The job of the FPGA here is to sample in the data, output a 24 bit word for left and right audio data and a signal that there is data available. To output data the inverse is needed, some logic that takes a 24 bit word for left and right audio data and a signal saying the data can be send out.
The code to sample in data is the I2S_Decoder.vhd file. It takes in the serial clock (SCLK), Word select (LRCLK) and audio data (SDIN) and outputs the audio data and a signal data is ready. It does so by waiting for a change in the word select line. When a change is detected it starts sampling data. After 32 samples, the 24 useful bits are send out, together with the ready signal.
The code to send the data back out is found in the I2S_Encoder.vhd file. It takes in the serial clock(SCLK), word select(LRCLK), DataLeft, DataRight, DataLeftReady and DataRightReady and outputs a the serial audio data (SDOUT). When one of the DataReady signals is raised, it stores the audio data word. When a change in word select line is detected, it starts outputting the data bit per bit, filling with zeroes to make 32 bits per word select period.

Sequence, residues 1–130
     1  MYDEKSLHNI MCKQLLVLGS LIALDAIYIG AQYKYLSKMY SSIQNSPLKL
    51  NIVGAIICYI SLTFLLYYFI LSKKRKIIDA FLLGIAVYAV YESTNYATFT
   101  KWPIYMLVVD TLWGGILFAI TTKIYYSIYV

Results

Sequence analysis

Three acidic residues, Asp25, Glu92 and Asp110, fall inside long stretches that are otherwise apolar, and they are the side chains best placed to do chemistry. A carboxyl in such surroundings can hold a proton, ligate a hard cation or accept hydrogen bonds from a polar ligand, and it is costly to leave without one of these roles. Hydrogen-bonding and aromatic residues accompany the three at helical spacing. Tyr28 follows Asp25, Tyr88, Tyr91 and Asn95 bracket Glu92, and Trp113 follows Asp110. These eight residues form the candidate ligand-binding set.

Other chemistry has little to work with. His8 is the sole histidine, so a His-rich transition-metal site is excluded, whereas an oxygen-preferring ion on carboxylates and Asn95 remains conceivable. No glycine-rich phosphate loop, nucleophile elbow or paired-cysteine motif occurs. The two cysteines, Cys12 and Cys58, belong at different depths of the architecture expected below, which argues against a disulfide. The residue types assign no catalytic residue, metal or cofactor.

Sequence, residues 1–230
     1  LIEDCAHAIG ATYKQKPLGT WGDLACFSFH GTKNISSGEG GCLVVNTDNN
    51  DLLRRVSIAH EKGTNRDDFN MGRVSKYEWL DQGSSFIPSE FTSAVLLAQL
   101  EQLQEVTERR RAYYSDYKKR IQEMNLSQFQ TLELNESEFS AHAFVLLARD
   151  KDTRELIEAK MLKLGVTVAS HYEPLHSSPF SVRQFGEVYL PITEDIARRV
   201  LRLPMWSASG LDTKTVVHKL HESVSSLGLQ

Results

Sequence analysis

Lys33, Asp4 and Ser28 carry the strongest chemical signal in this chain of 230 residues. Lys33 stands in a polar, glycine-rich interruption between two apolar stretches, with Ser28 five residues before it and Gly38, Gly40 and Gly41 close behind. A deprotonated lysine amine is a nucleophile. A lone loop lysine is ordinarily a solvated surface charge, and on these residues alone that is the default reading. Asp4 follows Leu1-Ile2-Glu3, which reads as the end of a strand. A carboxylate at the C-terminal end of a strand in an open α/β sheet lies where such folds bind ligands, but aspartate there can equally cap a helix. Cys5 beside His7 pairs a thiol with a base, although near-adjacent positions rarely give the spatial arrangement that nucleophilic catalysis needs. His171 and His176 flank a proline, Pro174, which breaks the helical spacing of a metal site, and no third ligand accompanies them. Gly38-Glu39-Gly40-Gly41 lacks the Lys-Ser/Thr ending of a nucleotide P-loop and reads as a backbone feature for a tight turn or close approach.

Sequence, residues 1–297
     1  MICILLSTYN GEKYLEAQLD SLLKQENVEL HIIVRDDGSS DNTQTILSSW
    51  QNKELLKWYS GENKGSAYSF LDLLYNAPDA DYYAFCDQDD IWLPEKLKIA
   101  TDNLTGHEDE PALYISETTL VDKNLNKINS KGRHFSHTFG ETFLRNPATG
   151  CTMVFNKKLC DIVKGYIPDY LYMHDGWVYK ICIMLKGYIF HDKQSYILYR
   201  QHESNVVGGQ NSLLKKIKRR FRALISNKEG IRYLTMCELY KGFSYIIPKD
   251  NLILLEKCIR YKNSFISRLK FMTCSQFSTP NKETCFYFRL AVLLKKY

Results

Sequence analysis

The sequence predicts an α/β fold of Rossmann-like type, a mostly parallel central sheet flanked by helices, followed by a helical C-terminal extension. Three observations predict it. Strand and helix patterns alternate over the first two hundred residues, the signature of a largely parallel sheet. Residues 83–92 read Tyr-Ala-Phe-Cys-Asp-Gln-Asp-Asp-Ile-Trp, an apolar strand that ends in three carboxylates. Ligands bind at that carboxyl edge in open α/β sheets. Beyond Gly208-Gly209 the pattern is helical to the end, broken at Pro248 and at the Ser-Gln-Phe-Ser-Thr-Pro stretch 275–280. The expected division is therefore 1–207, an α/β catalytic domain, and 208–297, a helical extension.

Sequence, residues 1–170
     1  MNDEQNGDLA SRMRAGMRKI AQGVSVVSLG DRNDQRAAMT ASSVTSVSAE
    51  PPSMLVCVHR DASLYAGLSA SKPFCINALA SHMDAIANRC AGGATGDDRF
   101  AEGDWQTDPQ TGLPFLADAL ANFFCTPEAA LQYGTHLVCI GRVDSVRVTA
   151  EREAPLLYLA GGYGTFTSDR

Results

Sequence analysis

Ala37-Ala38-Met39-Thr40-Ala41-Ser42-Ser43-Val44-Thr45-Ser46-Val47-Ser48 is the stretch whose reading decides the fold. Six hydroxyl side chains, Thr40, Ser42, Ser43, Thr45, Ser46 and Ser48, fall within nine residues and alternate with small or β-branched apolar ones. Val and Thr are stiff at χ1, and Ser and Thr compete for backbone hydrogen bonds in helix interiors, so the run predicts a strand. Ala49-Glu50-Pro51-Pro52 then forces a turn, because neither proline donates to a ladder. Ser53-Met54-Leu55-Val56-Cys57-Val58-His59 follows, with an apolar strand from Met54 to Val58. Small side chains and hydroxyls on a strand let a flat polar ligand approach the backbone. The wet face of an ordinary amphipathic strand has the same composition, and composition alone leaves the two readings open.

When these two are connected to each other, any audio data going to the input of the Codec was also audible on the output of the codec, a great simple test to see if it all works. I also added a small piece of code that switches the left and right data with a physical switch on the FPGA board (LeftRightChange.vhd) to further check if everything works. A very simple volume control can be made by shifting an audio word left or right (SimpleVolume.vhd)
The biquad filter
With audio data being read in and send out, time to add something nicer then a left/right change in between. Time for the biquad filter. A biquad filter is a fairly simple, but versatile filter. It can be used as a lowpass, highpass, bandpass, notch, peak, low shelf and high shelf filter. The digital biquad filter is a so called Infinite Impulse Response filter, which means it is a filter that looks at previous outputs of the filter. A good explanation of the biquad filter can be found here. The flow graph of the biquad filter is: